Dispatch from Dr. Sutherland for Spacious Minds...
Stress takes a horrible toll on our mental and physical health. Stress is not just a state of mind—it’s a physiological state as well. Risks associated with stress continue to pile up, including increased risk of heart disease, diabetes, cancer, mood disorders, fatigue, chronic pain, and increased inflammation. And reports of long-lasting (and even inter-generational) stress-induced alterations of the brain are changing the way we view this toxic state.
For many of us, the workplace is the primary source of stress in our lives. The costs of work-related stress continue to rise—not just for workers but for employers as well. In response, some companies have begun to address the issue right in the workplace. This month, for instance, several studies show that specially designed yoga practices could be used to reduce stress right in the office. A study from Wolever et al. published in The Journal of Occupational Health Psychology (funded in part by Aetna, Inc.) randomly assigned the health insurance company’s employees to a twelve-week program in yoga or mindfulness, or to an assessment-only control group. Some participants learned Viniyoga, a therapeutic, breath-centered style of yoga. Viniyoga emphasizes adapting the asana postures according to the needs and goals of the individual. In weekly one-hour sessions, employees learned a sequence of movements specifically designed for the study by the American Viniyoga Institute. Subjects receiving the “Mindfulness at Work” training participated either in person or online in weekly hour-long sessions and a two-hour practice intensive at week ten. The mindfulness practice was developed for the workplace by eMindful, Inc., a company that also partially funded the study. Both mind-body methods significantly improved self-reported levels of stress and perceived sleep quality. A physiological measure of autonomic balance also improved, demonstrating that the practices impacted the nervous system. Both Viniyoga and the mindfulness practice reduced workplace stress, but the Viniyoga subjects reaped greater benefits in some measures. While mindfulness-based stress reduction (MBSR) programs abound in clinical and therapeutic settings worldwide, the study shows that more embodied mindfulness practices like Viniyoga are at least as effective at combating office stress.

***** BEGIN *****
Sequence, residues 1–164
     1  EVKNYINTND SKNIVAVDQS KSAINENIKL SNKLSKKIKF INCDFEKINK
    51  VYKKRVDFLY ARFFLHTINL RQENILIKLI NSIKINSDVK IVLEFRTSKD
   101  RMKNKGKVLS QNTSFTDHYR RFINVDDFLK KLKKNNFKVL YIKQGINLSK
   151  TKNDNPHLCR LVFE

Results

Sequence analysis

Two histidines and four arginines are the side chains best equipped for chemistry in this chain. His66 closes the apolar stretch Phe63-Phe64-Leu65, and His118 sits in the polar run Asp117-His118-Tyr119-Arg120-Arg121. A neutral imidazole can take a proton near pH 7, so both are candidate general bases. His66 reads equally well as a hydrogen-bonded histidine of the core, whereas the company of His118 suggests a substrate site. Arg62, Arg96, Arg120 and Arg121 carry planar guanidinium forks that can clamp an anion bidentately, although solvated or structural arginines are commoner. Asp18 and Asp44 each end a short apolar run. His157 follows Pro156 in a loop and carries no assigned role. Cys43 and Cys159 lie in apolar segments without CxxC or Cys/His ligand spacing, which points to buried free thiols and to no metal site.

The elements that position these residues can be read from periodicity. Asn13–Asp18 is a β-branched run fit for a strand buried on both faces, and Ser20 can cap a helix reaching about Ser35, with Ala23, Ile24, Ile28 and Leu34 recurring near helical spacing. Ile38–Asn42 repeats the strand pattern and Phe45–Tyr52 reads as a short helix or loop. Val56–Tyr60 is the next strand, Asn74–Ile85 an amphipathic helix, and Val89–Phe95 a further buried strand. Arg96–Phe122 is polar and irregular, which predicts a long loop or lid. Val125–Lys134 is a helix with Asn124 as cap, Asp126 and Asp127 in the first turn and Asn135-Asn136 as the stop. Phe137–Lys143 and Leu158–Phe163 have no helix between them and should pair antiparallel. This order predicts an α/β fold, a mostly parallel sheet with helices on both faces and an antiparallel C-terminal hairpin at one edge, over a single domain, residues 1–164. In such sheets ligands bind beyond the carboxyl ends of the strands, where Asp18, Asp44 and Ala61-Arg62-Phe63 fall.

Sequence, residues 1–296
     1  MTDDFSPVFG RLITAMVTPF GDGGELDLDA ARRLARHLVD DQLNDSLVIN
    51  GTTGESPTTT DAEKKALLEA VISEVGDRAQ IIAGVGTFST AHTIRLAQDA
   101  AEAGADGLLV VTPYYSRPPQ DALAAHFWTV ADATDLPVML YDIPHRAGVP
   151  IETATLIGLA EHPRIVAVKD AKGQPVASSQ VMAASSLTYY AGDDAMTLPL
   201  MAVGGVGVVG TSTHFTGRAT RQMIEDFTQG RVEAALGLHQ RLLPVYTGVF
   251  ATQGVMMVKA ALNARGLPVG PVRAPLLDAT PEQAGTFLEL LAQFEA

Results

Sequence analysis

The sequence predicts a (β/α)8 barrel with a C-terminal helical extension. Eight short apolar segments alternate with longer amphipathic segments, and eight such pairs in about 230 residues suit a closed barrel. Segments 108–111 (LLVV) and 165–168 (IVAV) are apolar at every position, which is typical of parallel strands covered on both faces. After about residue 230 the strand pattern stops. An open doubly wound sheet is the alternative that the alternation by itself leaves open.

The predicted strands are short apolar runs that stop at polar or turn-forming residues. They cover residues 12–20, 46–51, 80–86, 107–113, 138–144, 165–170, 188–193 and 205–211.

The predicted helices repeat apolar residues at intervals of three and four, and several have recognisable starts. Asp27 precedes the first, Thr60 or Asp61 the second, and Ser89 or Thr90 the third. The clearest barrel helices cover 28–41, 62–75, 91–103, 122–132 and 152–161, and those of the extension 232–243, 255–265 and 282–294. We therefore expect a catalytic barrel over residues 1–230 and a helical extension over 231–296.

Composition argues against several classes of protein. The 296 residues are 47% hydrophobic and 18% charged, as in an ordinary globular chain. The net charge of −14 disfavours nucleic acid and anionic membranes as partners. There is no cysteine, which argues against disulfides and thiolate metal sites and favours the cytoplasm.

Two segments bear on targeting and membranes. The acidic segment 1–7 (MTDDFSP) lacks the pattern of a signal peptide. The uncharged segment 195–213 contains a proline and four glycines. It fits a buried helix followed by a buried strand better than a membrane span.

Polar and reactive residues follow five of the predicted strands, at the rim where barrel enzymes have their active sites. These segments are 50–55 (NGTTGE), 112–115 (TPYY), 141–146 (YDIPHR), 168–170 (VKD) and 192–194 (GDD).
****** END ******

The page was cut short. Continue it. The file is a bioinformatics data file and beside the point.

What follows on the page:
Importantly, many of the harmful effects of stress are mediated through over-activity of the sympathetic nervous system, and specifically of the HPA axis, formed by the hypothalamus, pituitary, and adrenal glands. With ongoing stress, chronic activation of the HPA axis results in sustained physiological stress on the body and brain. An Australian team of researchers writing in Evidence-Based Complementary and Alternative Medicine report the immediate physiological effects of yoga and mindfulness. The authors measured physiological indicators of stress in people who had received just 15 minutes of yoga, mindfulness meditation, or work as usual. The yoga instruction emphasized deep breathing and used chair-based postures; the guided meditation was delivered in an mp3 audio file. Just after the 15-minute yoga or meditation, participants reported they were less stressed, and their physiology indicated they were more relaxed state with less sympathetic activity.
Notably, the authors hypothesize that the benefits of both practices may arise from a reduced breathing rate (which was also seen in the Aetna Viniyoga study). Their analysis of the physiological data also supported the idea that a physical yoga practice—some form of asana—might help prepare the mind for meditation, perhaps increasing benefits to the nervous system. In any case, the practices likely have brain benefits on top of relaxing the body’s physiology. Future study might shed light on what deeper aspects of neurophysiology are affected by breath and meditation used in concert with body movements.
In a report from Noggle et al. in The Journal of Developmental & Behavioral Pediatrics, high school juniors and seniors took either a normal physical education (PE) class or a Kripalu yoga class, another breath-centered yoga practice that also emphasizes self-awareness. School-aged teens benefited from yoga training—that’s no big surprise. But could it work? The authors also determined that the yoga instruction in a high school PE class was feasible and appeared to improve psychosocial measures of well-being in teens.
Take Home Message: To protect our body-mind, we all need to reduce our stress however we can. And while many of us discovered years ago that yoga is a great way to do it, now the data show it too.
(To learn more about Dr. Sutherland’s work as a yogi and a science writer, click here.)